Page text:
April 7, 2015

Foot Care and Prevent Amputations – Part 3

I admit I do not appreciate people with diabetes that do not take care of their feet. Those that have been reading regularly, know that we have had problems with several of our new members that have had foot ulcers and heel cracks. Thankfully, we have taken care of those hurdles and our members are now more aware of problems that can happen to our feet.

Yes, foot problems are a common complication in people that have diabetes. This happens because too many people take their feet for granted and do not think they can have foot problems. When foot complications do occur, daily attention to your feet will ensure that the problems are detected before they become serious. It may take time and effort to build good daily foot care habits, but self-care is essential. In fact, when it comes to foot care, the patient is a vital member of the medical team.

Diabetes can lead to many different types of foot complications, including athlete's foot (a fungal infection), calluses, bunions and other foot deformities, or ulcers that can range from a surface wound to a deep infection.

Poor circulation can be caused by longstanding high blood glucose. This can damage blood vessels, decreasing blood flow to the foot. This poor circulation can weaken the skin, contribute to the formation of ulcers, and impair wound healing. Some bacteria and fungi thrive on high levels of glucose in the bloodstream, and bacterial and fungal infections can break down the skin and complicate ulcers.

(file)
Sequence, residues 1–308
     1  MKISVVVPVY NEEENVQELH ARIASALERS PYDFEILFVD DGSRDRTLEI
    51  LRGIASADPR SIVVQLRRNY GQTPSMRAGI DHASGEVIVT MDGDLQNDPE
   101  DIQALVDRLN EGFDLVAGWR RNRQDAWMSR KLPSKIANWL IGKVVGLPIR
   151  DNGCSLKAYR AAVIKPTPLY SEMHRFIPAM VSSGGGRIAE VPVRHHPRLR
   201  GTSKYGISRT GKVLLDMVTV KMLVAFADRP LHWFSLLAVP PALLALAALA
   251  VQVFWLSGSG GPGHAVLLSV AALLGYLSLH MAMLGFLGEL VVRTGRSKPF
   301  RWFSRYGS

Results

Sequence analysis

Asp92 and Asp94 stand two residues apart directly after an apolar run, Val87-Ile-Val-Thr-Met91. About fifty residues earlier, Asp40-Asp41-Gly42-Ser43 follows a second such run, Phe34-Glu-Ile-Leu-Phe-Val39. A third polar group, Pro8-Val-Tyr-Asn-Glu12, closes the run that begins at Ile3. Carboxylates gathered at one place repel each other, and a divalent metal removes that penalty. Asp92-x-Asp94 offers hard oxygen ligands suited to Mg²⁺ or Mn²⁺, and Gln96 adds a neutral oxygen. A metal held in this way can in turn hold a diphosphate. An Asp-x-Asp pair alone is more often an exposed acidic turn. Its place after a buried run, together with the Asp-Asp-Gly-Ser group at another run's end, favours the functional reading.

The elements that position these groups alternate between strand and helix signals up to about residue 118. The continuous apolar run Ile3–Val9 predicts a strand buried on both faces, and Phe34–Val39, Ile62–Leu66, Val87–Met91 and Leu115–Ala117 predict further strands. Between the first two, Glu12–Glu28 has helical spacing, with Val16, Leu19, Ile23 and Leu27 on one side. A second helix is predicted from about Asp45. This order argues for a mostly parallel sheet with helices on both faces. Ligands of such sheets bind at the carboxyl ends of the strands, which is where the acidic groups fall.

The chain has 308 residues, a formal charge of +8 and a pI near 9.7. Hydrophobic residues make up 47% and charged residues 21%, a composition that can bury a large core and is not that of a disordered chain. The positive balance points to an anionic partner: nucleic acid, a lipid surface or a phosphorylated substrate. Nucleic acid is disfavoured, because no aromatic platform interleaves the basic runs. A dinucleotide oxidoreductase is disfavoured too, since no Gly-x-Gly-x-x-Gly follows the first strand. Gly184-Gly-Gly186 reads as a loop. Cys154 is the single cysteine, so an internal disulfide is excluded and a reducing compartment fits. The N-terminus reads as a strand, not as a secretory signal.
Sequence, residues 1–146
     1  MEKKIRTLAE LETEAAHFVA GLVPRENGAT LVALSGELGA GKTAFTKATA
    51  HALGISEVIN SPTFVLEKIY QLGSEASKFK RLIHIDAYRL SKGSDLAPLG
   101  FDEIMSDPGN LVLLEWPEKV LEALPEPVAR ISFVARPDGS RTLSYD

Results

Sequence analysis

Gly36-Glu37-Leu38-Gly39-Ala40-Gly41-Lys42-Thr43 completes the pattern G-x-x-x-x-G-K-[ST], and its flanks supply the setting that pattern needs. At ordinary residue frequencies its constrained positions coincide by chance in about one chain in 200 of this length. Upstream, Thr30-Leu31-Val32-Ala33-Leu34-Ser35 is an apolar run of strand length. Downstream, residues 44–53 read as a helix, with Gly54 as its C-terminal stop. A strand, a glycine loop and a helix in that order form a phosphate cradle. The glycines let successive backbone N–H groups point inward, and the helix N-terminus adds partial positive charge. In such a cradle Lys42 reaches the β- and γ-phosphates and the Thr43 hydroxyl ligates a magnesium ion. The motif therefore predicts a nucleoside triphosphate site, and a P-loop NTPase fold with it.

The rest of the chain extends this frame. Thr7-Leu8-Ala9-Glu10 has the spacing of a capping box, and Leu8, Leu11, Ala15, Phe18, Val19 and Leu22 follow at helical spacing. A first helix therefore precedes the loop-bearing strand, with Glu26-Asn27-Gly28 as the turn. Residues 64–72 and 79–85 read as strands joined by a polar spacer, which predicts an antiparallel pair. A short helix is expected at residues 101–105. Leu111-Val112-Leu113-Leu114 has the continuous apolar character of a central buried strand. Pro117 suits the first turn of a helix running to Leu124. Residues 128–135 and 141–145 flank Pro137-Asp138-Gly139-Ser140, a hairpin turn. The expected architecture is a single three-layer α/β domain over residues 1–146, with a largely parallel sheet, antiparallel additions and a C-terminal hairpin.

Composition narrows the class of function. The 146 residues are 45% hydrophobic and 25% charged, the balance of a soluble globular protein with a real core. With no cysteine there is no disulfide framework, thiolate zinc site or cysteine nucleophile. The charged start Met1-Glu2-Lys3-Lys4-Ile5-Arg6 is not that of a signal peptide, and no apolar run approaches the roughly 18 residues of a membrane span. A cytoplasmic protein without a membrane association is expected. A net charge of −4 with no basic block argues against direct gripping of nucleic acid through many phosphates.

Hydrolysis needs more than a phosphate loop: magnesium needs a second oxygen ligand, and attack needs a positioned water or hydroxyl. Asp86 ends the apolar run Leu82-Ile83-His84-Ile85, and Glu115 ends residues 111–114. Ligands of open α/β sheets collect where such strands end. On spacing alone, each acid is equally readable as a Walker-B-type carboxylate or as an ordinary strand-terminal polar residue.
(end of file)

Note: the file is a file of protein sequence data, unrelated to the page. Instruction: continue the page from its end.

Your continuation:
More serious complications include deep skin and bone infections. Gangrene (death and decay of tissue) is a very serious complication that may include infection; widespread gangrene may require foot amputation. Approximately 5 percent of men and women with diabetes eventually require amputation of a toe or foot. This tragic consequence can be prevented in most patients by managing blood glucose levels and daily foot care.

People who have had a previous foot ulcer are more likely to have future foot complications. Nerve damage, poor circulation, and chronically high blood glucose levels also increase the likelihood of foot complications.

It is important to wear shoes that fit well. Shoes that are too tight can cause pressure ulcers. Going barefoot, even in the home, should be avoided as this increases the risk of injury to the foot.

People with type 2 diabetes should have their feet examined once per year. During a foot exam, a podiatrist checks for poor circulation, nerve damage, skin changes, and deformities. Patients should mention any problems they have noticed in their feet. An exam may reveal decreased or absent reflexes or decreased ability to sense pressure, vibration, pin pricks, and changes in temperature.

Special devices, including a monofilament or tuning fork, can help determine the extent of nerve damage. A monofilament is a very thin, flexible thread that is used to determine if a patient can sense pressure in various areas of the foot. A tuning fork is used to determine if a patient can sense vibration in various areas, especially the foot and toe joints.

Possible foot problems:
  • Poor circulation
  • Nerve damage
  • Skin changes
  • Deformities

Controlling blood sugar levels can reduce the blood vessel and nerve damage that often lead to diabetic foot complications. If a foot wound or ulcer does occur, blood sugar control reduces the risk of requiring amputation. Foot care is important, although patients should also continue to follow other general guidelines for managing diabetes.

Finally, good foot care will help prevent the majority of amputations.

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